Anna serves as a cameo for Christ. Anna met Joseph and Mary outside the temple in Jerusalem and she, “spoke about the child to all who were looking forward to the redemption of Jerusalem” (Luke 2:38). The Holy Spirit within her recognized the infant Jesus as the Messiah. Anna was special because the Holy Spirit did not come upon many before the day of Pentecost. In this instance she was filled with the Spirit. She was called a “prophetess” in Acts 2:36. This shows God’s grace, ability and desire to speak through a humble widowed woman. In 1 Timothy 5:3-16, Paul laid out the idea of supporting women who were a widow. A true widow in Paul’s eyes was a woman who was alone with no support and persistent in trusting in God alone. Indeed, Anna was truly an example of such love and faith in God. For in Luke 2:37, it says that she was in the temple “night and day praying.” She certainly fit all the guidelines of 1 Timothy 53-16, for she was “above reproach” (v.7). She was also the “wife of one man” and she also had a” reputation for good works” (v.9). Therefore, we can see that Anna was an old and wise woman who would have been a good example to follow. She would also have been a widow that was worth taking care of in the eyes of Paul. There are many elderly woman in “Christian circles” today that are giving there time to prayer “night and day” as Anna was. There are many with a gift and calling of God on their life like Anna had as well. They excel as an example not only in their spiritual life, but also in their daily lifestyle as well. For they have not only served God, but there family faithfully. Such women deserve our honor and listening ears…

Elizabeth is also an example of an older woman after the heart of God (like Anna). She was in her older age and “without child” (Luke 1:7). Both Elizabeth and her husband Zechariah were among the few who were “filled with the Holy Spirit” before the Day of Pentecost (Luke 1:41,67). Unlike her husband, she does not respond to the angel’s report of her miraculous birth with unbelief. She responded by listening and then thanked God for “taking away her disgrace” (Luke 1:25). Within Israeli society, it was considered a sort of “taboo” if a woman could not have a child. The shame of not being able to “be fruitful and multiply” would have haunted her within society. Though she spent her young years as a barren woman, she continued in faith towards God. Her faith in God blessed her womb with John the Baptist; a prophet who would “prepare the way” for the Messiah. When John was in his mother’s womb he was “filled with the Spirit” (Luke 1:15)… Elizabeth was a “compliment” to her husband Zechariah. She stood in faith when he was in doubt. Her faith could have been an eye opener for him. In Luke1:6, we see that both Zechariah and Elizabeth were, “righteous in God’s eyes, careful to obey all of the Lord’s commandments and regulations.” This shows us that, before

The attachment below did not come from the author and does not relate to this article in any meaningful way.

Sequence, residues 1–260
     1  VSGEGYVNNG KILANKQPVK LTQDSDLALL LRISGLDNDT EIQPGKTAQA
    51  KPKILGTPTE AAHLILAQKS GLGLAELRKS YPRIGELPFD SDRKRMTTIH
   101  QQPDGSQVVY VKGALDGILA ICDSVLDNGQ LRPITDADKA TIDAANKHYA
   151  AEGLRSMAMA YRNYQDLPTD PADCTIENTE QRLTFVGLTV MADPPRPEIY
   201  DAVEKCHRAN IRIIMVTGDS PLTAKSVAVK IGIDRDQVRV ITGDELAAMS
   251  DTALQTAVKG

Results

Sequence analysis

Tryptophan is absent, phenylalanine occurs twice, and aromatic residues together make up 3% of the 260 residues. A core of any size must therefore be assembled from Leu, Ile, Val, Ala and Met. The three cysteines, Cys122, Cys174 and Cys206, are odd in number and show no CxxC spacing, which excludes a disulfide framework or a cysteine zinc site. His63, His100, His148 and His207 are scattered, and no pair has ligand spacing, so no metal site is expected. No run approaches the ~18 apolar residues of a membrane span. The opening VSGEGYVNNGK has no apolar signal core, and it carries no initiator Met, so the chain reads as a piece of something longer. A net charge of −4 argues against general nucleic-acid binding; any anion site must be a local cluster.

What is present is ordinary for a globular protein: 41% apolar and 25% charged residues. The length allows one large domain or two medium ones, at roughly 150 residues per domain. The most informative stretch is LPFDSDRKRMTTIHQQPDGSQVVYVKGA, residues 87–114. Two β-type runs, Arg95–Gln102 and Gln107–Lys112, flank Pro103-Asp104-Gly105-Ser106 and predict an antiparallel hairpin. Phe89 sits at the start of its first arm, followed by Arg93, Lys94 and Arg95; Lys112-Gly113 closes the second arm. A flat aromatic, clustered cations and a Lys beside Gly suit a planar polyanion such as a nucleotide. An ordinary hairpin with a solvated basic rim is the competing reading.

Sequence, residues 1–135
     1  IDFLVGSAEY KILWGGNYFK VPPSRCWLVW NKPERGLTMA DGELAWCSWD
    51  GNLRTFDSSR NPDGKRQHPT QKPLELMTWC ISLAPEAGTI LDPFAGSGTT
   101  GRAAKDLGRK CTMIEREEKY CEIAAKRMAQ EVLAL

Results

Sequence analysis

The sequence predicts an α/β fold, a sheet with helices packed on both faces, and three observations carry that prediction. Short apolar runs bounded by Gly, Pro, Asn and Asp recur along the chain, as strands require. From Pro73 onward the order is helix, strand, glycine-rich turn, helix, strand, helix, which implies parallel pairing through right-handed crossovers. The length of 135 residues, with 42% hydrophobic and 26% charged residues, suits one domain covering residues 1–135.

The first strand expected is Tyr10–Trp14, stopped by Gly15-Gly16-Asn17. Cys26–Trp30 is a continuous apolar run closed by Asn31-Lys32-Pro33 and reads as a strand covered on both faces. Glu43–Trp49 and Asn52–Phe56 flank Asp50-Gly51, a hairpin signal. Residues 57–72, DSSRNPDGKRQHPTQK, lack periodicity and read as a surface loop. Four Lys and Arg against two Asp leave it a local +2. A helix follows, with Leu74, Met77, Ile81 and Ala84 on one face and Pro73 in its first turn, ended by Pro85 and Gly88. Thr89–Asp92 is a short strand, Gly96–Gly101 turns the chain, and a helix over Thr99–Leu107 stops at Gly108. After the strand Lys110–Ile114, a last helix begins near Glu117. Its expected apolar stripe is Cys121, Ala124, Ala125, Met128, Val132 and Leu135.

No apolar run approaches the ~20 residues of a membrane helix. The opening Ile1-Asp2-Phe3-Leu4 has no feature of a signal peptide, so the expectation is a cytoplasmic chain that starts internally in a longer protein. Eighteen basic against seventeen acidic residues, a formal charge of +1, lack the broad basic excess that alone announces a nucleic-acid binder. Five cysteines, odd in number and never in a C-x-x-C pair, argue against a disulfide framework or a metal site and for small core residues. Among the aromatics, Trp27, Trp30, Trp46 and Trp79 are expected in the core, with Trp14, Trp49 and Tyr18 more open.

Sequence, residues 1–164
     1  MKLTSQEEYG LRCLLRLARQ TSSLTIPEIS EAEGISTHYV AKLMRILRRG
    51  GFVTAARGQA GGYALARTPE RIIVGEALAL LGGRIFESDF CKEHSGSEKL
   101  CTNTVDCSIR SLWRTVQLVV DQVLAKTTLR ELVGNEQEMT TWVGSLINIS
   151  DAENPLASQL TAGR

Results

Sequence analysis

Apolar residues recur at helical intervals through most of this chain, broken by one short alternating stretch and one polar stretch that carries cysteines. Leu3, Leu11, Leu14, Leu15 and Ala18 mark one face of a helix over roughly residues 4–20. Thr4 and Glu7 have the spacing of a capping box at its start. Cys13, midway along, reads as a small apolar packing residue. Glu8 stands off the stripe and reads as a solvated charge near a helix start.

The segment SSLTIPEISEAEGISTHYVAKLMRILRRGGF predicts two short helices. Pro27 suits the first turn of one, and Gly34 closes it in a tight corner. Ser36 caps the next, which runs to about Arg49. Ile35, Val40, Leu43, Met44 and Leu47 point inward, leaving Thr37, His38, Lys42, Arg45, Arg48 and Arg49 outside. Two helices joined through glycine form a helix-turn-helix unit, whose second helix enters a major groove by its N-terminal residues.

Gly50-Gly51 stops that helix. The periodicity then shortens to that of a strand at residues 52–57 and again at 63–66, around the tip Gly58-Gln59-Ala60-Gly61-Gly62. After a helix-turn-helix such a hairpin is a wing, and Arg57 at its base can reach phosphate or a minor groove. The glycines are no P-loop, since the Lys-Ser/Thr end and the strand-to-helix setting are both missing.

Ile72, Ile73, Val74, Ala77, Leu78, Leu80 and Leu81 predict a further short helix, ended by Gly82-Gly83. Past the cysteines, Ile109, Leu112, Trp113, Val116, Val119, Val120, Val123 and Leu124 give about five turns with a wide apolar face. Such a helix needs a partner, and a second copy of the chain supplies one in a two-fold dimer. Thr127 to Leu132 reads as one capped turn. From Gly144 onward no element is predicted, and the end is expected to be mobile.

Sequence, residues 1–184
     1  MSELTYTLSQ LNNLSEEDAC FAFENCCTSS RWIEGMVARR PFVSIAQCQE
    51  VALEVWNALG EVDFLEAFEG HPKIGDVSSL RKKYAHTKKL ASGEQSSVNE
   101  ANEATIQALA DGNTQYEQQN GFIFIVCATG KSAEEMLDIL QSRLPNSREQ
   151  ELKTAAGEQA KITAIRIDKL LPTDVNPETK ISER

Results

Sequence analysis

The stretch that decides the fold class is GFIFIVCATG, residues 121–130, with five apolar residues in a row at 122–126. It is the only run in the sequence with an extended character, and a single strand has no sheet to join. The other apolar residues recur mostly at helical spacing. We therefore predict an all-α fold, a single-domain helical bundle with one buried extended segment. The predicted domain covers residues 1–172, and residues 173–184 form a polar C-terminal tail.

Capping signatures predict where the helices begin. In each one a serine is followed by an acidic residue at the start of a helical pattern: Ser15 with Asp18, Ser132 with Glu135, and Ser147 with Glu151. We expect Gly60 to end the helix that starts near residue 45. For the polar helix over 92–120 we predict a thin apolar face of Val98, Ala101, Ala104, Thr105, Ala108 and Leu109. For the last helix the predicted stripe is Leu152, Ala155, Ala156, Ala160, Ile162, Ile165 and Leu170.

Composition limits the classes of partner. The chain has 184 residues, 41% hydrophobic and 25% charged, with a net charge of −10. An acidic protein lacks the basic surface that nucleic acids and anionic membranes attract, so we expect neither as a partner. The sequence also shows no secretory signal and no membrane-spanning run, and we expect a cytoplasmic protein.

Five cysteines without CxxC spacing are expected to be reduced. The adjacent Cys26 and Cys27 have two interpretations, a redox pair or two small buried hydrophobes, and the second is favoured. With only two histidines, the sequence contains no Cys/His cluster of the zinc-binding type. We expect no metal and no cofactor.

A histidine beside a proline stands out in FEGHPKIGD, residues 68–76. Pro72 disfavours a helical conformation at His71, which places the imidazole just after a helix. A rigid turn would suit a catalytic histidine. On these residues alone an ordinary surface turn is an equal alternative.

Jesus came to teach what a disciple was (Luke 14:26-33) they were both worthy in the eyes of God to be considered a couple that followed God with their whole heart. What a blessing Elizabeth would have been to young Mary. Not only was she relative, but she was a great example of an older godly woman for Mary to learn from. Together they would be prepared for God’s plan that was coming through each of their wombs. Both of these women show still teach us that even today that God has a plan for pregnancy. The knitting of creation in the womb is within His perfect plan and done by His own hands as well. They also show us that having a child at any age is possible with God. It is possible to have one barren and in old age (or in Mary’s case… even as a virgin).

Sign up to vote on this title
UsefulNot useful